Jewish Sacred Music
Piyut North America launched the Piyut project in January 2013 to bring to New York, Boston, and San Francisco ten pilot programs geared to young adults by connecting the music of Piyut with activities that go beyond synagogue walls to appeal to that age group, such as music festivals, yoga, and meditation. Piyut is the global music of the Jewish people, first composed in Israel nearly two thousand years ago and now a living tradition, especially for those from Spain, North Africa, Iran, and Iraq. The melodies, which began as sacred poetry, a way to set holy texts to music, are now seen as a new method of relating to prayer and a powerful way to bring people together. Piyut North America takes its cue from the way in which Piyut has swept Israel in the past decade, becoming a national music with annual music festivals, recordings by Israeli rock stars, and even new crossover music. To learn more, and to listen to soundtracks of the music, go to Piyut North America’s website.
Just Workplaces for Kosher Restaurants
Who works to ensure that kosher restaurants are just workplaces, with the workers receiving fair pay and overtime pay, adequate breaks during their shifts, and safe and sanitary work environments? Targum Shlishi is supporting Tav HaYosher, a grassroots effort by New York’s Uri L’Tzedek, an Orthodox social justice organization dedicated to combating suffering and oppression. Tav HaYosher works to end discrimination, wage theft, and abuse in the restaurant industry. The project is affiliated with more than eighty restaurants. Targum Shlishi is supporting Uri L’Tzedek’s effort to expand the program to additional establishments during 2014. In speaking of the project, Steven Kraus, executive director of Uri L’Tzedek, comments on the significance of just workplaces in kosher kitchens: “Rav Yosef Breuer, one of the leading figures of twentieth century Orthodoxy, famously stated, ‘Kosher is intimately related to Yosher. God’s Torah not only demands the observance of Kashruth and the sanctification of our physical enjoyment; it also insists on the sanctification of our social relationships. This requires the strict application of the tenets of justice and righteousness, which avoid even the slightest trace of dishonesty in our business dealings and personal life.” For more information about Uri L’Tzedek, visit its website.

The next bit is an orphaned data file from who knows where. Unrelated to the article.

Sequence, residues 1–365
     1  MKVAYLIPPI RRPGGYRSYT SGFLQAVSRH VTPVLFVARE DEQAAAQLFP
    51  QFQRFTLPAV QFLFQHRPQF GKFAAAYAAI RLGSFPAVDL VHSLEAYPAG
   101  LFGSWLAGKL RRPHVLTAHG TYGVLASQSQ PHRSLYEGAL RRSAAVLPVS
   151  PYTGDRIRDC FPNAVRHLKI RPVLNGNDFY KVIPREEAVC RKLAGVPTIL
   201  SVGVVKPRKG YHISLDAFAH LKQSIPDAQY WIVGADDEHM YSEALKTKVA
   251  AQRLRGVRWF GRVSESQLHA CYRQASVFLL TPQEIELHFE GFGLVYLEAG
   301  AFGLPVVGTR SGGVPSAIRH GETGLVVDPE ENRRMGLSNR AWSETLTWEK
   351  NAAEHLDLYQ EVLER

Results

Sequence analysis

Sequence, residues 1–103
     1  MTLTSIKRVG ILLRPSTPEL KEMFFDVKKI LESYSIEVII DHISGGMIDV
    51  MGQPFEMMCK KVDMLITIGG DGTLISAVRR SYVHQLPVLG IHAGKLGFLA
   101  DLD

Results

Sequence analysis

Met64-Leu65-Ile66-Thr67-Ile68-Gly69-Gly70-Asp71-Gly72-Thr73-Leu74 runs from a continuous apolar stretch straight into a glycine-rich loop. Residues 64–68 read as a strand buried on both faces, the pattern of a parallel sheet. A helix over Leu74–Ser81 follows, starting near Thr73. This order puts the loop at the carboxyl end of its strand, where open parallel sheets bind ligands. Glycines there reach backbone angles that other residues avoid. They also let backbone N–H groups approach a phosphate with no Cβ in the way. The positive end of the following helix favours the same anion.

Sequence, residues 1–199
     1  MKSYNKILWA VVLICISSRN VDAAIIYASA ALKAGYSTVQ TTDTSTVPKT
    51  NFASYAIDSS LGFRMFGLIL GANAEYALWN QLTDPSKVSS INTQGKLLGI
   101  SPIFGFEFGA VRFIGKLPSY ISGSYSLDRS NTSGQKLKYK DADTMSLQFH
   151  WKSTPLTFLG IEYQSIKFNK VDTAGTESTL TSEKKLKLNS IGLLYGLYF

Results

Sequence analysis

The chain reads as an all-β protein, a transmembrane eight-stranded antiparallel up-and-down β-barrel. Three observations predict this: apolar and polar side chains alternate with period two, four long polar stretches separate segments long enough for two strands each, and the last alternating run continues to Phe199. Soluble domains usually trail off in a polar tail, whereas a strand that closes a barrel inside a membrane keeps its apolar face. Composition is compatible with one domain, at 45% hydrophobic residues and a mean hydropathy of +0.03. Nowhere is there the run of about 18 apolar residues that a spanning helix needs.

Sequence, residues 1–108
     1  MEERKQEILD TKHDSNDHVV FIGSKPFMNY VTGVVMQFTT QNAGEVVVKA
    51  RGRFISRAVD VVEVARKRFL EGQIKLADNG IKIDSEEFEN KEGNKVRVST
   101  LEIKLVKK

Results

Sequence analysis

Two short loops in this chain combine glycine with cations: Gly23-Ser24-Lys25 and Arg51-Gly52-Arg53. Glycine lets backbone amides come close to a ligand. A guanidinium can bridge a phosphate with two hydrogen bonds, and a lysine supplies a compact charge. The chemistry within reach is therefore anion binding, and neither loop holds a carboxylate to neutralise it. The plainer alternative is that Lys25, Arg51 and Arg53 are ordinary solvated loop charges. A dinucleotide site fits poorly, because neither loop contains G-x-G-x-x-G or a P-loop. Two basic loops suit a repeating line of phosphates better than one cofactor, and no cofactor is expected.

About Targum Shlishi
Targum Shlishi is dedicated to providing a range of creative solutions to problems facing Jewry today. Premised on the conviction that dynamic change and adaptation have historically been crucial to a vibrant and relevant Judaism and to the survival of its people, Targum Shlishi’s initiatives are designed to stimulate the development of new ideas and innovative strategies that will enable Jewish life, its culture, and its traditions to continue to flourish. For more information on the foundation, visit its website at www.targumshlishi.org.